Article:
How Google Backs Up the Internet Along With Exabytes of Other Data – High Scalability –

Raymond Blum leads a team of Site Reliability Engineers charged with keeping Google’s data secret and keeping it safe. Of course Google would never say how much data this actually is, but from comments it seems that it is not yet a yottabyte, but is many exabytes in size. GMail alone is approaching low exabytes of data.

Mr. Blum, in the video How Google Backs Up the Internet, explained common backup strategies don’t work for Google for a very googly sounding reason: typically they scale effort with capacity. If backing up twice as much data requires twice as much stuff to do it, where stuff is time, energy, space, etc., it won’t work, it doesn’t scale.  You have to find efficiencies so that capacity can scale faster than the effort needed to support that capacity. A different plan is needed when making the jump from backing up one exabyte to backing up two exabytes. And the talk is largely about how Google makes that happen.

No data loss, ever. Even the infamous GMail outage did not lose data, but the story is more complicated than just a lot of tape backup. Data was retrieved from across the stack, which requires engineering at every level, including the human.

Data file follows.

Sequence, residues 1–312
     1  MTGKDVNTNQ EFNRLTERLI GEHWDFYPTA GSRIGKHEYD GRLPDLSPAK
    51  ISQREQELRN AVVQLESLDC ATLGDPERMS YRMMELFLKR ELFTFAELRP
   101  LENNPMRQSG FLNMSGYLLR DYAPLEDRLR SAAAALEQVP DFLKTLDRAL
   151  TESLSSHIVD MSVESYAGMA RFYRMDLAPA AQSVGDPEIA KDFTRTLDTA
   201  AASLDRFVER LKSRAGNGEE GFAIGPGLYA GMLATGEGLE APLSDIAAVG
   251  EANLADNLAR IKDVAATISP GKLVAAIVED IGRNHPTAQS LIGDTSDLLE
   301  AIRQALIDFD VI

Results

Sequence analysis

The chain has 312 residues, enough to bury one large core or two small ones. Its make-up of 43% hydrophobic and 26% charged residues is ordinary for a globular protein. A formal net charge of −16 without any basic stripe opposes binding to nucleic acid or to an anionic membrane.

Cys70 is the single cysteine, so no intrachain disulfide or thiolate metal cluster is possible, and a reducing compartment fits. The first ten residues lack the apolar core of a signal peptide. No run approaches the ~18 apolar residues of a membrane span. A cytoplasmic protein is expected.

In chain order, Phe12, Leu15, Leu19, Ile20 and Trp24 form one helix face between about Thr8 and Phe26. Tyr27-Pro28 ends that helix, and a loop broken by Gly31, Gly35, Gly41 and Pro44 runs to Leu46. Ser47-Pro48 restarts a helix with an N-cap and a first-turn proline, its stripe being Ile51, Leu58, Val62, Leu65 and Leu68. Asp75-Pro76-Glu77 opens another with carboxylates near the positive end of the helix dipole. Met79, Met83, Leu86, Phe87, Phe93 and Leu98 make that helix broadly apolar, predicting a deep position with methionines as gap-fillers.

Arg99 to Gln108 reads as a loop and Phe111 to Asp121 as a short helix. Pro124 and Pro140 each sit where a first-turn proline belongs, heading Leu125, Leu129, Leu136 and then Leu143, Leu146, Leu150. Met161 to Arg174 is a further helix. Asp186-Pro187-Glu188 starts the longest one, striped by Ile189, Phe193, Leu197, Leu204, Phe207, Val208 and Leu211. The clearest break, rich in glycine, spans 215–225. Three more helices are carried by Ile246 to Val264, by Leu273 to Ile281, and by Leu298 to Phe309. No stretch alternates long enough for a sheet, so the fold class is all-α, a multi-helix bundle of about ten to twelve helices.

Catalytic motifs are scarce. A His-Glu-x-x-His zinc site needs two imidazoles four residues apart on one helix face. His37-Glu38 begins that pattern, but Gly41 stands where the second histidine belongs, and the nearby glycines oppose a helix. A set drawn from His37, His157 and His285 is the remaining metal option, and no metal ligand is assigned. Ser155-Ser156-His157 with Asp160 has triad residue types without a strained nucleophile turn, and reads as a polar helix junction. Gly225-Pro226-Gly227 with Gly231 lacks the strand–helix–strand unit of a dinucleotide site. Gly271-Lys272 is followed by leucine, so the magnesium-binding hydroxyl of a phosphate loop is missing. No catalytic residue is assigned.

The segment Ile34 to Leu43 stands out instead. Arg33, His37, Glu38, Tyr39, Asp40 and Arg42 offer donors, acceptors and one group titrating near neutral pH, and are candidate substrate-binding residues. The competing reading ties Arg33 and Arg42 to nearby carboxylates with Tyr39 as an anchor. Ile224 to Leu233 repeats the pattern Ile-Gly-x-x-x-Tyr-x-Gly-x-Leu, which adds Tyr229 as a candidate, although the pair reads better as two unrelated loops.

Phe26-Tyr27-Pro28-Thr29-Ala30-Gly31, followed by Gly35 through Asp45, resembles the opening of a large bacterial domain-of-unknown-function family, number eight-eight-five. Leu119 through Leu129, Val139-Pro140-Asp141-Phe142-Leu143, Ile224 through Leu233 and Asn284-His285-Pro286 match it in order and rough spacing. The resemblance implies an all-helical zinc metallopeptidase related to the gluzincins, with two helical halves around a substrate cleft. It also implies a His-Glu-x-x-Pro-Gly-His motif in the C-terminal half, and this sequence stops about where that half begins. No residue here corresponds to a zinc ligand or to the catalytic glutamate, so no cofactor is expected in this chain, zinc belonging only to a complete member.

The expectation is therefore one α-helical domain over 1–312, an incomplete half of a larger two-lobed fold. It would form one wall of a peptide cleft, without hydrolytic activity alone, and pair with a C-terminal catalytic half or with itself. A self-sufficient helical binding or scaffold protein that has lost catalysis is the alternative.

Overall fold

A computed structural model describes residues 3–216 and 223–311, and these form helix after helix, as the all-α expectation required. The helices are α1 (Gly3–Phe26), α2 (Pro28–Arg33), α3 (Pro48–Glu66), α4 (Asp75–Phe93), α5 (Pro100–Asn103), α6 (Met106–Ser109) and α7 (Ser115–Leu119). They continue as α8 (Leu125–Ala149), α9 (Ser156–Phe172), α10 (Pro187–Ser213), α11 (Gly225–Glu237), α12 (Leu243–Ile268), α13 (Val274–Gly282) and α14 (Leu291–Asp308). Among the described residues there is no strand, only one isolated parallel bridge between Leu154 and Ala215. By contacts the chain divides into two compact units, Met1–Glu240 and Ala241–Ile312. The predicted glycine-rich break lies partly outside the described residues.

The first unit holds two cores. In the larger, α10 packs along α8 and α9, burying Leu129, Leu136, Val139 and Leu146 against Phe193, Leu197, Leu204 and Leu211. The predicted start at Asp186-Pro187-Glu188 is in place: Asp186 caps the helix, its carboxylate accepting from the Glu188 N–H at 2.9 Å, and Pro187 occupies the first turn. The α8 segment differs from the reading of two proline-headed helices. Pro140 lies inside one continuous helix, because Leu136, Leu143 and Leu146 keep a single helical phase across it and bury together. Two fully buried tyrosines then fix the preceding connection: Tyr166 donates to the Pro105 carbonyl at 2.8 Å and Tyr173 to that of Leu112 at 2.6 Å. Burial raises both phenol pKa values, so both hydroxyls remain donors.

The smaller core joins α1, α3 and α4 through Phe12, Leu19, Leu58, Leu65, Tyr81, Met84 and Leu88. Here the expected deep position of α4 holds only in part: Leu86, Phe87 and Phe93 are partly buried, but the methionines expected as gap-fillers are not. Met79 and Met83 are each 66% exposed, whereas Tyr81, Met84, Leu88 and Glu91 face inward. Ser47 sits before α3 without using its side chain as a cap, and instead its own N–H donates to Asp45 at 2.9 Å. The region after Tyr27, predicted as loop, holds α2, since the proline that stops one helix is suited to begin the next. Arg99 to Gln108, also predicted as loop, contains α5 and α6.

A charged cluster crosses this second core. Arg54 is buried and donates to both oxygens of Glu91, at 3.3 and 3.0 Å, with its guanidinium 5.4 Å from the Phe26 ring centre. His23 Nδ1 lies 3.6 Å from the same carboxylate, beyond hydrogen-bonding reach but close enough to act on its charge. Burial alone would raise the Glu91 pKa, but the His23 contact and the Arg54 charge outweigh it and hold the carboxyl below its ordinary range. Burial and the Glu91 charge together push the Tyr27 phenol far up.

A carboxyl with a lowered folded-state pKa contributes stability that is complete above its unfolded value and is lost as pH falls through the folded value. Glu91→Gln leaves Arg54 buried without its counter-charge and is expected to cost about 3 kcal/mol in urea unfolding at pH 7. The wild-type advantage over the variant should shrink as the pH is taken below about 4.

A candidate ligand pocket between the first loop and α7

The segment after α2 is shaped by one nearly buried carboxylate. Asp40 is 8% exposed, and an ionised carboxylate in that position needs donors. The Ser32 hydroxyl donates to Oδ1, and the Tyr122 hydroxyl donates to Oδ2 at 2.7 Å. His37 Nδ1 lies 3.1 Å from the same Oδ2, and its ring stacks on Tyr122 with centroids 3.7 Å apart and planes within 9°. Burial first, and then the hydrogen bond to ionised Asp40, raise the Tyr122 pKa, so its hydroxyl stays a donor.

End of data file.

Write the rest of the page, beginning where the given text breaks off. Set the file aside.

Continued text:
Backups are useless. It’s the restore you care about. It’s a restore system not a backup system. Backups are a tax you pay for the luxury of a restore. Shift work to backups and make them as complicated as needed to make restores so simple a cat could do it.

You can’t scale linearly. You can’t have 100 times as much data require 100 times the people or machine resources. Look for force multipliers. Automation is the major way of improving utilization and efficiency.


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